Hazards that may be missed are garbage and trash receptacles in the kitchen and waste paper baskets in bedroom and bath. Baby locks can work to prevent access to under counter cabinets and open waste containers should be placed high in rooms where the pup will have access to them. Keeping the puppy in a confined area is the best preventative --and older dogs will be tempted by garbage!
Among the greatest hazards to a pup are the exits from your home! Bichons are very fast and often not very obedient so doors should be carefully closed and children must be taught not to hold the door open or the pup will escape. A fenced yard is a requirement before some breeders will place a pup. Add the words “Sit” and “Stay” to your early home training and require the pup to be in position before opening the door, once he has learned these commands.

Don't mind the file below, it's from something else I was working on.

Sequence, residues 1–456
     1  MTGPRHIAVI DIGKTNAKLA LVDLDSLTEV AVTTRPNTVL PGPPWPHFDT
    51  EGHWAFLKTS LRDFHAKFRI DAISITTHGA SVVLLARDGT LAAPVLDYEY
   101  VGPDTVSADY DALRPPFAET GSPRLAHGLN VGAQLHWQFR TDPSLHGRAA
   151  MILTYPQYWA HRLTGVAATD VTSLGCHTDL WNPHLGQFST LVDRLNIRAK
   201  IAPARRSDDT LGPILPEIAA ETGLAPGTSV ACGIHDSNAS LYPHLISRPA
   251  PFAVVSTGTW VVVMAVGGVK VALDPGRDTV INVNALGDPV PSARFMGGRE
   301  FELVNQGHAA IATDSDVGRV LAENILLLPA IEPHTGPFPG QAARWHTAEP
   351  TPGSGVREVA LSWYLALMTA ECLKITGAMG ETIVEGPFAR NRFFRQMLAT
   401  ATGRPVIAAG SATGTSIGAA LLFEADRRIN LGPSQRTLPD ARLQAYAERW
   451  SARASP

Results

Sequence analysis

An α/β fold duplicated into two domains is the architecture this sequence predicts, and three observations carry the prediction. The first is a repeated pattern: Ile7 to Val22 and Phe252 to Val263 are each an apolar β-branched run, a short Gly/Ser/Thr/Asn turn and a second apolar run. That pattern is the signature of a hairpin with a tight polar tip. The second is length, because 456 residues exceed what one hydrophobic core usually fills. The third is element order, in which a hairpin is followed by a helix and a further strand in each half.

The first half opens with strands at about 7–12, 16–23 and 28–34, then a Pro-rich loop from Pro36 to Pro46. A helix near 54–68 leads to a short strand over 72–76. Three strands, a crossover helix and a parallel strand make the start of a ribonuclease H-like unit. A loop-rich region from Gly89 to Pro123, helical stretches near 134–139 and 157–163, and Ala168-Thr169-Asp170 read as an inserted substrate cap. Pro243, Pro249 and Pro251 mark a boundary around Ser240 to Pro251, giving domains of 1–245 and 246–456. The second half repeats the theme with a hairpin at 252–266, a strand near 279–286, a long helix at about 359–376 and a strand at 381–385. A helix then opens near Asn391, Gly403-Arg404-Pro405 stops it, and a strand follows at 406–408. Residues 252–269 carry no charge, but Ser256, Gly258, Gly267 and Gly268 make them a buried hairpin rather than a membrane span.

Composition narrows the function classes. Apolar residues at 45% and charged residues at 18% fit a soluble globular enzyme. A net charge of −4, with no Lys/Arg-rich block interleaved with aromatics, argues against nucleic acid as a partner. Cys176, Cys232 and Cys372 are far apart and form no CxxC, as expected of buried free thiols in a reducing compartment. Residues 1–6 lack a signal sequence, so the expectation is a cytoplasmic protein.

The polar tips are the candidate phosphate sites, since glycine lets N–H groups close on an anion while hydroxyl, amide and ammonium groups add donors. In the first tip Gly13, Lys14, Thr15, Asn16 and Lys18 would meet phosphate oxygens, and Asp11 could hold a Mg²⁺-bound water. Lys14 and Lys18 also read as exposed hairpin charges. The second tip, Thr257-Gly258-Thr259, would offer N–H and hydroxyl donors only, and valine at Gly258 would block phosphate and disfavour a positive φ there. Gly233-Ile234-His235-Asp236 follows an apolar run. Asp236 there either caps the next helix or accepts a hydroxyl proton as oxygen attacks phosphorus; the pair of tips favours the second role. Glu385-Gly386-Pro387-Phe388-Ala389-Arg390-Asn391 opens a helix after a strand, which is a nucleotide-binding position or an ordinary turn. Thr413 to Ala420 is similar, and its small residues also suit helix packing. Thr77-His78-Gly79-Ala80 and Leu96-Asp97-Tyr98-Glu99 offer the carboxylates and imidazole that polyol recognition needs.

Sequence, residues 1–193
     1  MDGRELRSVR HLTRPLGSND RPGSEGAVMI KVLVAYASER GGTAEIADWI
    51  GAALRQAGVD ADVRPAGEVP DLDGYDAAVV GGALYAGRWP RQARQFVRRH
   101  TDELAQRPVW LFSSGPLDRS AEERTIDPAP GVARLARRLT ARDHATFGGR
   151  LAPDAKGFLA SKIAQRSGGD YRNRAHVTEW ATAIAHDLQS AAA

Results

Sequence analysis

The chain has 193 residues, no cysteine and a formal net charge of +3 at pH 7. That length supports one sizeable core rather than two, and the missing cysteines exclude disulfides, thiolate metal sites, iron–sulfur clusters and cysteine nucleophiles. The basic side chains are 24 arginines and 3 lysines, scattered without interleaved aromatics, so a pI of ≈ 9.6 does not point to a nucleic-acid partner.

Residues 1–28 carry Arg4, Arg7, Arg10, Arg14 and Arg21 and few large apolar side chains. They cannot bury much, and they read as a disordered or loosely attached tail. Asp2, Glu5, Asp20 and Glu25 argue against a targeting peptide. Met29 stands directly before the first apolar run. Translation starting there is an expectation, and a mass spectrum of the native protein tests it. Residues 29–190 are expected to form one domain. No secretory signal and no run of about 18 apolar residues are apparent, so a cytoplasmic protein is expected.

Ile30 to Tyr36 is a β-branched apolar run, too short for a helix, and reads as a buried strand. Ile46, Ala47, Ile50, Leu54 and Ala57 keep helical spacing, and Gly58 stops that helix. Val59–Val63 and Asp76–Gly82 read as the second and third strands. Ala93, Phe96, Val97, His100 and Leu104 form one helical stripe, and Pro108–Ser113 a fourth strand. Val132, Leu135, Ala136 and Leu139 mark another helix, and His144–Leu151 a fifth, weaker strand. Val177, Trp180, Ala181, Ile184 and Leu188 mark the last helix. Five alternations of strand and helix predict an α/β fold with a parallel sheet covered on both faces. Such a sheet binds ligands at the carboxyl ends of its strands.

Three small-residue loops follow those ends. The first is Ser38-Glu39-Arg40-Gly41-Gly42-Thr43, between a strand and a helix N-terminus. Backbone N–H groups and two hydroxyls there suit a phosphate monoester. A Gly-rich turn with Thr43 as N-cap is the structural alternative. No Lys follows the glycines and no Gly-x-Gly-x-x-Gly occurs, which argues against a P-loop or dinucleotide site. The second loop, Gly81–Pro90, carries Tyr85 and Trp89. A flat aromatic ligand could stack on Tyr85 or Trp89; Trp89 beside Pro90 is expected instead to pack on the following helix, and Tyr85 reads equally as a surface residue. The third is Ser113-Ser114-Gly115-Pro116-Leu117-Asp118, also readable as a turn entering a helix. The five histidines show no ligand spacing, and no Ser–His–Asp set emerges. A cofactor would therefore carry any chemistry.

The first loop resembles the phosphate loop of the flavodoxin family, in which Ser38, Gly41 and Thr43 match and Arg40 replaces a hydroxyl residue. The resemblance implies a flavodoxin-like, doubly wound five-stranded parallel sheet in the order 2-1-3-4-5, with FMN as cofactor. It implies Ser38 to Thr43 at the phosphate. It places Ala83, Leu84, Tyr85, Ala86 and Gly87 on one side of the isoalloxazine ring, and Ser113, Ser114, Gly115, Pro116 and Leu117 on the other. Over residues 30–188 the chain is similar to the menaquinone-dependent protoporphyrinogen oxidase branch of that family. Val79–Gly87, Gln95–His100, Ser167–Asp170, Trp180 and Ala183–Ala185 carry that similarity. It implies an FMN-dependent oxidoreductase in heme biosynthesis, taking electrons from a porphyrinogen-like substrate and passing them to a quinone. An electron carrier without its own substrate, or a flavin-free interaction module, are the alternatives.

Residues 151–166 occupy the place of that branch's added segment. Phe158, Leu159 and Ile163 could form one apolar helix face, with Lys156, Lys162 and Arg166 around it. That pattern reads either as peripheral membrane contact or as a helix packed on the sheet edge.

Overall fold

Carefully walk your entire fence line. Look for loose or broken boards that may provide an escape route for your puppy. Make sure there are no gaps under the fence providing escape from your yard. Even a small space of 2-4 inches can allow a young dog to get free. Check to see that each gate latches securely every time. Then make sure all gates are secured and your children, gardeners, or anyone else with access to your backyard knows to close and latch each gate every time they enter or leave your property. This is extremely important for the safety and protection of your new puppy. If you are still unsure about your fence and gates being able to confine your puppy, never let the puppy out in your backyard without being on a leash and being supervised. Or you can set up a large safe play area by putting two exercise pens together and placing the ex-pens either on your patio, lawn or a combination of both areas. Even in ex-pens and fenced yards, supervision is important because some Bichons are great climbers.